When planning to modernize your SQL workloads by moving them to Azure SQL, the first requirement is to guarantee that the solution is secure. After all, SQL is about data, and data is probably the most valuable thing your company owns. As admins, it is our sole responsibility to secure it. This article will focus on two basic concepts — Azure SQL firewall and the authentication process — but security will always be at the center.
Understanding the SQL firewall
We need to understand that Azure SQL is a PaaS (platform-as-a-service) offering, which means that the architecture is accessible from the Internet. That is not a security flaw in any shape or form, that is just how the service is architected, and it is up to the cloud administrator/architect to define how we are going to protect our data.
Azure SQL has several options to restrict the traffic. Several options are available based on the security design, including denying public access, using private endpoints, and Azure SQL firewall.
Every Azure SQL has built-in a SQL Server firewall and a SQL database firewall. First, we can configure using Azure Portal and Azure Resource Manager (ARM) interfaces, where we can mention Azure CLI, PowerShell, APIs, and Azure Portal, to mention a few.
When we provision a new Azure SQL database, we are automatically placing it in an Azure SQL Server. If we do not have it upon creation, we will have the define it first.
When we have the Azure SQL Server, we should check the firewall and virtual networks item, which is vital for protecting how your SQL data will be accessible. We will explore some of those options to get a better understanding when accessing a SQL Server.
Items 1 and 6 are related. If we are accessing Azure SQL from the Internet, every time we click on Add client IP (Item 1) button, a new entry will be added to the rules (Item 6), and that is the Azure SQL Server firewall in action. We can define some specific IPs to connect to this server.
Item 2 helps to lock down the environment from the start. If we have a private endpoint, we will have the option to decide if we want to block all traffic from the Internet.
Item 3 defines the minimum TLS version for the SQL clients will use to communicate with Azure SQL. Although the platform (remember, it is a PaaS offering) supports several options, you must use the most secure environment.
We can also define which virtual networks and subnets within Azure can access this SQL Server and its databases (Item 7).
We left item 4 for last because it requires an image from the Azure SQL architecture (Microsoft provides that picture on their official documentation). There are two options — proxy and redirect. The proxy will use the Azure SQL gateways to proxy all the communication and has a single port to be opened on the client. However, the performance is not the best available. When using Redirect, the connection is made directly to the server, giving us better performance and lower latency.
SQL Server and authentication
Before understanding the scenarios that we will explore in this section, we need to understand how the authentication works in Azure SQL.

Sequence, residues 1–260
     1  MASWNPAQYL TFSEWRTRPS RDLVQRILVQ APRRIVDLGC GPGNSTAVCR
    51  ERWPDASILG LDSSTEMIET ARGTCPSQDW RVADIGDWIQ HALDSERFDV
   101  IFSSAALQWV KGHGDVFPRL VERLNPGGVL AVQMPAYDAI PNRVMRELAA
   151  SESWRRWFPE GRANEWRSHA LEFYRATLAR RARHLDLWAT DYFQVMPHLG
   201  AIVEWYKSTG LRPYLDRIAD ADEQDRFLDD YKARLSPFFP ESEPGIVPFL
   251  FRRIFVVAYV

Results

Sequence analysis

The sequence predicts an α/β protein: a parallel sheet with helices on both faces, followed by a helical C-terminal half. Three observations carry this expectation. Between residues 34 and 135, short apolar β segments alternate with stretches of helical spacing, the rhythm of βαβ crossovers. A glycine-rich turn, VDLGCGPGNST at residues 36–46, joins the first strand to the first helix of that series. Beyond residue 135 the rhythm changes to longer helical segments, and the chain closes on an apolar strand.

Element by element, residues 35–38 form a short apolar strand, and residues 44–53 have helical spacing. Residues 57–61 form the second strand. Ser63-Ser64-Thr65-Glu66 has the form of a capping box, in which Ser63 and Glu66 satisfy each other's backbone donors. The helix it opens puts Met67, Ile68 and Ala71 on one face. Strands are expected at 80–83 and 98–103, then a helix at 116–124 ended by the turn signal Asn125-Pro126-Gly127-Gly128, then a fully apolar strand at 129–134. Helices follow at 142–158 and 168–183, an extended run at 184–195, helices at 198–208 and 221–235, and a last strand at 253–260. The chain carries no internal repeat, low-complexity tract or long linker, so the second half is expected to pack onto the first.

For starters, when provisioning a SQL Server, we need to provide a username and password that will allow us to authenticate against this new SQL Server. Keep in mind that connecting to the SQL Server/database must meet the firewall requirements that we defined in the previous section.
Log on to a workstation that can be approved at the SQL firewall level. Open Microsoft SQL Server Management Studio (you can download it from the Microsoft website), and when prompted, provide the Server Name and select SQL Server Authentication, as well the credentials. Click Connect.
Note: If the server's public address is not listed on the firewall, you will be prompted to add it as part of the logon process.
After authenticating, we can see the database name and the user used to authenticate. In our case, we can notice the username being batman, which means that SQL Server Authentication was used to authenticate.
Azure SQL integrates with Active Directory to perform authentication. We can configure that by going to Active Directory admin under settings. On the new page, click on Set admin to define a user or a group that will manage the SQL Server, and click on Save to confirm the changes.
When authenticating using Management Studio, we can select Azure Active Directory-Universal with MFA and the user’s email we configured in the previous step.
The result will be a connection using the account’s email address, which means that we use Azure Active Directory to connect to the server.
What is the problem? Although we improved the security posture of Azure SQL using Azure Active Directory, SQL Server Authentication is still a valid method to authenticate to the server.
We can disable the SQL Server Authentication using the Enable-AzSQLServerActiveDirectdoryOnlyAuthentication, which will disable the SQL Server Authentication.
When trying to authenticate with SQL Server, the following error message will be displayed.
Azure SQL: You’re secure and ready to go
This article covered two important topics around Azure SQL management, including the SQL firewall and the authentication process.
Featured image: Shutterstock